BREAKING NEWS AT 18.00 ISRAEL TIME:
TERROR ATTACKS IN SOUTHERN ISRAEL IN NEGEV ON ROADS TO EILAT. REPORTS ARE THAT 7 TERRORISTS ATTACKED TWO BUSES WITH MACHINE GUN FIRE, HIT A PRIVATE CAR WITH AN RPG, AND PLANTED ROADSIDE BOMBS TO INTERCEPT IDF TROOPS.
AT LEAST 7 ISRAELIS KILLED.
7 TERRORISTS KILLED BY IDF WITH FURTHER PURSUIT OF TERRORISTS UNDERWAY. INFORMATION STILL SKETCHY.
Thank you for your patience dear readers. As we continue–the remainder of the story will be in the ‘present tense’– our trip, your humble servant is struck (as always in Israel) with the continuity of Jewish life in Israel stretching over thousands of years.
Two days ago I left you as we exited the Trans-Israel Highway and headed northeast toward Afula. Now we pass through Tzomet Megiddo (Megiddo Junction) and enter the Jezreel Valley (‘Emek Israel’ in Hebrew) with its plains of Megiddo to our left and right on which, according to the Bible, the final battle of ‘Armageddon’ will be fought (turning to the left at the junction would have taken us immediately to the ruins of Megiddo, turning to the right would have taken us to Jenin).
Not long afterwards, we turn right toward Bet Shean, and to our right looms Mount Gilboa, a site rich in Biblical history as the place where King Saul and his son Jonathan died in battle with the Philistines–and David grieved (the Biblical account is in 2 Samuel 1). The Mount draws hundreds of thousands of Israelis each Spring, not because of its history but because of the unique bluish-purple iris that grows on its slopes.
For Israelis, any trip to northern or northeastern Israel is a trip to ‘water’. As we continue along with Gilboa to our right, we stop at Nahal Kibbutzim (the river of kibbutzes) to walk in the cool chest-high water among the marshy reeds. Nahal Kibbutzim drains two springs, Ein Homa and Ein Migdal and is adjacent to Kibbutz Nir David which was built in 1936. On this particular day, the place is swamped (pun intended) with young religious (haredi) couples and their many children. However, there are almost no Arab Israelis because of Ramadan.
After a couple of hours and a small picnic, we hop back in the car and continue to Bet Shean with its many archaeological sites, including a Canaanite temple, Egyptian stelae, Israelite artifacts (according to the Bible, after Saul was killed on Mount Gilboa, his body was hung from the walls of Bet Shean), a Hellenistic temple, Roman ruins including an ampitheater, bathhouse, and Cardo, and a Byzantine church. A traveler needs days to fully appreciate Bet Shean.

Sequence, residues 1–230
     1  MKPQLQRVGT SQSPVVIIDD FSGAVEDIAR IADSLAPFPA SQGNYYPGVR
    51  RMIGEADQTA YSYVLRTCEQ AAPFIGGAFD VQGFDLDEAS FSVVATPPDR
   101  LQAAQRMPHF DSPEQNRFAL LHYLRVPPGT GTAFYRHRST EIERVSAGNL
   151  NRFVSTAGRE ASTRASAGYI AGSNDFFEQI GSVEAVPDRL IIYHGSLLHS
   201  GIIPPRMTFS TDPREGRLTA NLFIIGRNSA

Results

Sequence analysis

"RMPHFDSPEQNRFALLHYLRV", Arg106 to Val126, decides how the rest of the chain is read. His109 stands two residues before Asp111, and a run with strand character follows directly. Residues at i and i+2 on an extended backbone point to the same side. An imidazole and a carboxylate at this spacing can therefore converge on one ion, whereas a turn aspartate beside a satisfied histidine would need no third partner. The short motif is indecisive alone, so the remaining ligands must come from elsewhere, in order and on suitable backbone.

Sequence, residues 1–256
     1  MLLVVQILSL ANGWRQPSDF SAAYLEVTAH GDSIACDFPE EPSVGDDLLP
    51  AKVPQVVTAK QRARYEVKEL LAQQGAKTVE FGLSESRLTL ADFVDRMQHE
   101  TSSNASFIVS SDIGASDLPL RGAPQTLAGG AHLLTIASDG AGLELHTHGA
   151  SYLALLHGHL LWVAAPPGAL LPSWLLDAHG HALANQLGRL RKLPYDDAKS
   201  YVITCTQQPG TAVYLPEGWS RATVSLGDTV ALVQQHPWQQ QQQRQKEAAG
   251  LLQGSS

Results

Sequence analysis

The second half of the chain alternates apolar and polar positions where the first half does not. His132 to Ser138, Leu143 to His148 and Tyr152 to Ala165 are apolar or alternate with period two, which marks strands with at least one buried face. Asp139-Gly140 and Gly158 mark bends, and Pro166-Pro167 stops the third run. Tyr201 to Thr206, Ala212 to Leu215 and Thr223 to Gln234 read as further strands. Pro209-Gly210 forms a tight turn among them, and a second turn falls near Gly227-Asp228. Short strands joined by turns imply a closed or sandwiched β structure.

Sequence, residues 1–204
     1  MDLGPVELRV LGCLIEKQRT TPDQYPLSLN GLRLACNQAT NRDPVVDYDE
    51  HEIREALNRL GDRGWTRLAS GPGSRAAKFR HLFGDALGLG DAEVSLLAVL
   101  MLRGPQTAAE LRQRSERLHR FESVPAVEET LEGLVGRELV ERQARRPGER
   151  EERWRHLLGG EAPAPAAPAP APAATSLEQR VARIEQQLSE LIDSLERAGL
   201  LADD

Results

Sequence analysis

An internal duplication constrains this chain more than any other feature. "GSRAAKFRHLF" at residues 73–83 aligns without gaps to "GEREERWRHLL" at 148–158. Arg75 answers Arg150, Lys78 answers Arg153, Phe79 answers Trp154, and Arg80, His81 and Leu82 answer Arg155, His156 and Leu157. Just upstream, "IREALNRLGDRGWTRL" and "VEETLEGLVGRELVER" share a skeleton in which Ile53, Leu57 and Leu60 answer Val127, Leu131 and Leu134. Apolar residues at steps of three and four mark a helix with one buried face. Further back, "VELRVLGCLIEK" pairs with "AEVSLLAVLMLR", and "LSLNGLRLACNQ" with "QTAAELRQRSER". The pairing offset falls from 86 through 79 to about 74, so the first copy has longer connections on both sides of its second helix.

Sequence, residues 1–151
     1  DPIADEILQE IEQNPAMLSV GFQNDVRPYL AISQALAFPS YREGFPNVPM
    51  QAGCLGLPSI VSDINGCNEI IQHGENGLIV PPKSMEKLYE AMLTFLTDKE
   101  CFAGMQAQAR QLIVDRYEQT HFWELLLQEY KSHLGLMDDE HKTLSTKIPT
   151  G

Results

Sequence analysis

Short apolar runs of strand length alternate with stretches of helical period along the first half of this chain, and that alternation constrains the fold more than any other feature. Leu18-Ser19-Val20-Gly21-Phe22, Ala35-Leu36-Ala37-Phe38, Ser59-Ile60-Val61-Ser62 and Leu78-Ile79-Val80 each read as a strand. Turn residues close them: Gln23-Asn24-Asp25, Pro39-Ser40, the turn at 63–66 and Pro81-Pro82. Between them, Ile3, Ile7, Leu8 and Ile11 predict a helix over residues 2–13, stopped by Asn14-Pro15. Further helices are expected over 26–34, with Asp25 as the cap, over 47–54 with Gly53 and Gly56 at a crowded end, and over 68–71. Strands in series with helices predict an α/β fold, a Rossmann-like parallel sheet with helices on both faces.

But the temperature is beginning to approach 40 C. and having been to Bet Shean many times before, we do not linger long and instead continue to our lodgings for the night at the Ganey Huga water park and campsite, arriving at around around 4 pm.
Again, it is hard to think of what is today a water park without thinking about the history of the place and how the water for the park flows from Nahal Harod (Herod’s River)–which in term begins at Ma’ayan Harod (Harod’s Spring) which is inside Gideon’s Cave–the place where Gideon gathered his soldiers before fighting the Midianites (Judges 7:1). Because of its proximity to Jordan (only about 4 km), Israeli soldiers are still stationed in the area today.
I doubt if any of the hundreds of Israelis at Ganey Huga are thinking about any of this history today–their immediate concern is jumping into the water to escape the heat. As do we.
The next morning we are up again and traveling 8 km to the Sheikh Hussein Bridge and border crossing. This is the northernmost border crossing into Jordan and is located about 90 km from Amman. Normally, this is a very heavily used crossing for agricultural produce and manufactured goods, but this Tuesday morning it is very quiet on the Israeli side. All that is happening is that three nuns are trying to get through the gate on the Israeli side into the waiting area (they have gone in the wrong direction from where their taxi dropped them off), and an armed Israeli security guard is yelling at your humble servant that he can’t take pictures (after he has already taken a few!).
Then on to Gan Hashlosha–one of Israel’s premier national parks–and a park that has been named one of the top 20 ‘most beautiful parks in the world’. The water in the park is a remarkable pale aquamarine–and the park is not without its historical significance as one of the outposts set up by Jewish pioneers (1936)–and three who were killed there (Gan Hashlosha means ‘Park of the Three’)– in the face of British opposition during the Mandate period.
After four hours of swimming and more picnicking, we pile into the car and begin the three hour drive back to Ashdod. It has been a short but memorable trip–memorable for reminding us of the history of the area (how can a country so small have so much history?)–and memorable for two cool days in the water escaping the heat.